Population growth is inevitable as long as the birth rate of a population is higher than the mortality rate (Trzepacz, 13-2). There are two types of growth that are modeled, exponential and logistic. Exponential growth is when "members of a population double in size throughout each successive generation," (Milam, 2) and is represented by a j-shaped curve. Most populations follow this pattern, as long as the amount of resources outweigh the population and there is little-to-no competition (Trzepacz, 13-2). Most often these exponential growth curves will eventually begin to form a more s-shaped curve. This is logistic growth, which occurs when a population increases, but the resources start to become limited (Milam, 2) and it consequently reaches the carrying capacity. In this experiment Escherichia coli bacteria is used to represent population growth.
E. coli is defined as "a rod-shaped bacterium commonly found in the lower intestine of warm-blooded organisms," (Milam, 8). This means that it is readily available and easy to access, which is part of the reason why it was the best choice in this experiment. It also has a high growth rate. In a study in the journal Talanta they are testing the growth of E. coli on the surface of GaAs (001) at 37 degrees Celsius over a 24-hour time period and it was shown that the number of bacteria doubled about every thirty to forty-five minutes (Nazemi, 73). This helps substantially in this experiment, because it allows for a good representation of a logistic growth curve due to the fact that the population can increase and reach its carrying capacity in the span of one day.
The objective of the E. coli growth experiment was to provide insight into how the population of E. coli grows in different research environments like the four varying temperatures they were subjected to (Trzepacz, 13-8). We used this to compare and better visualize what it is like in other populations. From this information it can be hypothesized that the higher the growing environment temperature, the more rapid the reproduction of the E. coli, meaning that it will reach the carrying capacity sooner.
In this experiment the materials used include a plastic pipette, a cuvette, a spectrophotometer, flasks, and an incubator. This experiment began by dispersing the E. coli into flasks labeled A through T. each of these flasks were then separated into four different shaking incubators which were set to four different temperatures. Flasks A-E were placed into an incubator set to 25 degrees Celsius, F-J were set into another incubator at 30 degrees Celsius, K-O were set into the third at 37 degrees Celsius, and P-T were incubated in the last machine at 47 degrees Celsius. Each incubator was then set to rotate at the same speed, 125 rpm. Then, a plastic pipette was used to transfer 1.0 ml of a designated culture (in lettered beakers) of the bacteria into the cuvette, which is the plastic box-like vessel. Precautions were taken to be sure that the clear portions are not touched, as it would have interfered with the results given by the spectrophotometer. The spectrophotometer is a device used to measure the amount of light being absorbed, therefore showing the population growth as the amount of light being absorbed increases. The spectrophotometer was transmitting light at OD600. The machine was calibrated by inserting a cuvette containing only 1.0 ml of sterile growth media into the machine and pressing the button labeled "Blank." This allowed for the next steps to be completed, the cuvette was then filled with a ml of the E. coli and placed in with the arrow on the side facing the left. The "Sample" button was pressed, and the value and time of incubation were recorded. The cuvette was then cleaned, with every 20-minute interval throughout the day a new sample was collected, and the absorbance measurement and time was recorded accordingly. Finally, an average was calculated and recorded for each group.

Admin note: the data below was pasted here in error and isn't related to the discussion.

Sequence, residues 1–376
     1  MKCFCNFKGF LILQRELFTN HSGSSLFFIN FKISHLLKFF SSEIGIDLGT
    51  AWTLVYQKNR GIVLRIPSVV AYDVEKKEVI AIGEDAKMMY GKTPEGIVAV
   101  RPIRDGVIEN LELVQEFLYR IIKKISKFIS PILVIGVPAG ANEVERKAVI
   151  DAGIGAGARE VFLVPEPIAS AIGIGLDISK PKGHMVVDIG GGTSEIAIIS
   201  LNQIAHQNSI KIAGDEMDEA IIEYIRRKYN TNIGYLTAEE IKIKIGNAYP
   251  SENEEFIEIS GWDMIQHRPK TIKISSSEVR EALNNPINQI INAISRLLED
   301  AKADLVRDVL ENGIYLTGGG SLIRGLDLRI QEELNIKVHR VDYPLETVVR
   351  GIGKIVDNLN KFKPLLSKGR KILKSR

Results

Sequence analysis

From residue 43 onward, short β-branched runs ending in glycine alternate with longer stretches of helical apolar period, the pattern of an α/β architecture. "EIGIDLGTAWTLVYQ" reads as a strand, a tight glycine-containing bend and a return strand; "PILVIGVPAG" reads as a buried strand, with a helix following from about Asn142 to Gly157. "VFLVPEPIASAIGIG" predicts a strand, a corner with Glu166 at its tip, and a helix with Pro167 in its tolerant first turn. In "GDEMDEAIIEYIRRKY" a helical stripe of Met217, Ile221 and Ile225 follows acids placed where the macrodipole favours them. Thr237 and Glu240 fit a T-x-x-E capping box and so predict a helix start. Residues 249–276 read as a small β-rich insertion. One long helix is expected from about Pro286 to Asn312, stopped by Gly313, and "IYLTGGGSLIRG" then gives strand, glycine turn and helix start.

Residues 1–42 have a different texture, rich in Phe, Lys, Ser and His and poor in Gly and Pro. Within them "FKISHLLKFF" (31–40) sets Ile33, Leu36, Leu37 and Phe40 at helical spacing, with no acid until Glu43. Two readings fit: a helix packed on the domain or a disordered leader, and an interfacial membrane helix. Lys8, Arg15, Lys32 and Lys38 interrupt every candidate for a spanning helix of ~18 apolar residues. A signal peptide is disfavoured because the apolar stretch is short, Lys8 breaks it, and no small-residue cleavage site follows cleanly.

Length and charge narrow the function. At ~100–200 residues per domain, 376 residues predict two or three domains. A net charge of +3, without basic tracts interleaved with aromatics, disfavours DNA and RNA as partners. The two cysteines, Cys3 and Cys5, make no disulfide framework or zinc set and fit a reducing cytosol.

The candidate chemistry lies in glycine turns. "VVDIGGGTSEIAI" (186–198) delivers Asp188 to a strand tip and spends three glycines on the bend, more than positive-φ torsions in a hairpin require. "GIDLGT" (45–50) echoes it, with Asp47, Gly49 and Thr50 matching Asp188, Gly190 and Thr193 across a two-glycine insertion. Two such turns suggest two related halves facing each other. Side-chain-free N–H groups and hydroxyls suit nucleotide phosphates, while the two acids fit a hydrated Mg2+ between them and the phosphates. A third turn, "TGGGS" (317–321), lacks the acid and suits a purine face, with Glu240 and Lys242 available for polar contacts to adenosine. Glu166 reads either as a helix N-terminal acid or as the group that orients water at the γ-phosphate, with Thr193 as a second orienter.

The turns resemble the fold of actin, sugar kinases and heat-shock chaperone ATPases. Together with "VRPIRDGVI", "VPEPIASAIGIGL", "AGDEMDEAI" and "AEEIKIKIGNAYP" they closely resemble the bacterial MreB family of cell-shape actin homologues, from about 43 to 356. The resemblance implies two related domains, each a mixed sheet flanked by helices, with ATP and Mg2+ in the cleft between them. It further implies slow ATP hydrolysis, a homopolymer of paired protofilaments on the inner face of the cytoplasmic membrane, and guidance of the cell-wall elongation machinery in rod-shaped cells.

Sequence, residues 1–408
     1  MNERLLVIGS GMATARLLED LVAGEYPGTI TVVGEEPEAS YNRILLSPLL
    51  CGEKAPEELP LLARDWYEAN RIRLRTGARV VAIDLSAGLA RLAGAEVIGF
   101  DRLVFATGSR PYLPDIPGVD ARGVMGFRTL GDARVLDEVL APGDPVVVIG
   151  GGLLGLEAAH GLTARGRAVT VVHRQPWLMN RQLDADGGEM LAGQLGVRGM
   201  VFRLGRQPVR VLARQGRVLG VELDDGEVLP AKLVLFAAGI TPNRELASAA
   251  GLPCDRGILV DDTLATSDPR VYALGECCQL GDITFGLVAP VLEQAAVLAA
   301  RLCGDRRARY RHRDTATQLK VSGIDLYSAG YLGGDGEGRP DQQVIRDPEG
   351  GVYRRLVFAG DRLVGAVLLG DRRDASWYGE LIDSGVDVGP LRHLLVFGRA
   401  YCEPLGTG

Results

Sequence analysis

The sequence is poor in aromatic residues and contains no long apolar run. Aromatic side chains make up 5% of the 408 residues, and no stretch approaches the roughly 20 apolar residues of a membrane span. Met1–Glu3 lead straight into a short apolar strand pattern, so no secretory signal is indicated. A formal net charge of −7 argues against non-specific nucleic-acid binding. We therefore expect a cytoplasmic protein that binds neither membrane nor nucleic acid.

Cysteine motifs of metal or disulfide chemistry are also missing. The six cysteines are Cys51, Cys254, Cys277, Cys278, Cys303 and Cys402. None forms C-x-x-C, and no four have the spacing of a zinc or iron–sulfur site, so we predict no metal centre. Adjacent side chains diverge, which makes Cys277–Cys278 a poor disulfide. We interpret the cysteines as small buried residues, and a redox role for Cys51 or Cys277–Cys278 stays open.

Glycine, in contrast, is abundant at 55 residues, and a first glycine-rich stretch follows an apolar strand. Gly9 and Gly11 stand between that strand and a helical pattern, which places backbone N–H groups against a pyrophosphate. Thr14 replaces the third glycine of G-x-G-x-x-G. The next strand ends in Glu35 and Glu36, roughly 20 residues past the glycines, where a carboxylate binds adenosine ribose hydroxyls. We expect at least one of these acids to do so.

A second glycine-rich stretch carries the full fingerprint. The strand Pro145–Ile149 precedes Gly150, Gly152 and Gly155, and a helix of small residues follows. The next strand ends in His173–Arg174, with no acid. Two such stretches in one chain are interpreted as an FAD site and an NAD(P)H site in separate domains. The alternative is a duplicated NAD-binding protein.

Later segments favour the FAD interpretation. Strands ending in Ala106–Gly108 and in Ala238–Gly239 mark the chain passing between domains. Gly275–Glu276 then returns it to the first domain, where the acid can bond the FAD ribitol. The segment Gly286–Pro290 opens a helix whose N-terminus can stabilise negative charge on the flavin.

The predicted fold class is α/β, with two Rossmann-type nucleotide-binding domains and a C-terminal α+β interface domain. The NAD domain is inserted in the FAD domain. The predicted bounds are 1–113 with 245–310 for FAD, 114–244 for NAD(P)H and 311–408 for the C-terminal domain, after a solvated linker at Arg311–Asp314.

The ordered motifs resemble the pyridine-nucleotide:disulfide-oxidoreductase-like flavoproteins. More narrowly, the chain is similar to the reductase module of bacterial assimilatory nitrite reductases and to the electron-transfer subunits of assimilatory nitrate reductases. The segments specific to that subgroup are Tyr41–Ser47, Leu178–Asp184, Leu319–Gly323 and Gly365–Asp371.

To determine the temperature that was best fit for the E. coli to grow in, the bacteria samples were placed into four different incubators with four different temperatures. Within the first 20-minute interval most of the bacteria populations had each more than doubled. At first the populations multiplied at about the same rate, until approximately the 289-minute mark (Figure 1). From this point the populations appear to grow at a higher rate and begin to exhibit the two different types of growth curves.
Figure 1. The absorbance of light through the E. coli populations over time. At the 32-minute mark students began maintaining readings from the four environments (25C, 30C, 37C, 42C) using the spectrophotometer and the absorbance (OD 600) was recorded at 20-minute intervals. Each point represents the average light absorbance of a sample from a specific temperature at a specific interval compiled from 20, 5 in each temperature setting, different beakers of the E. coli.
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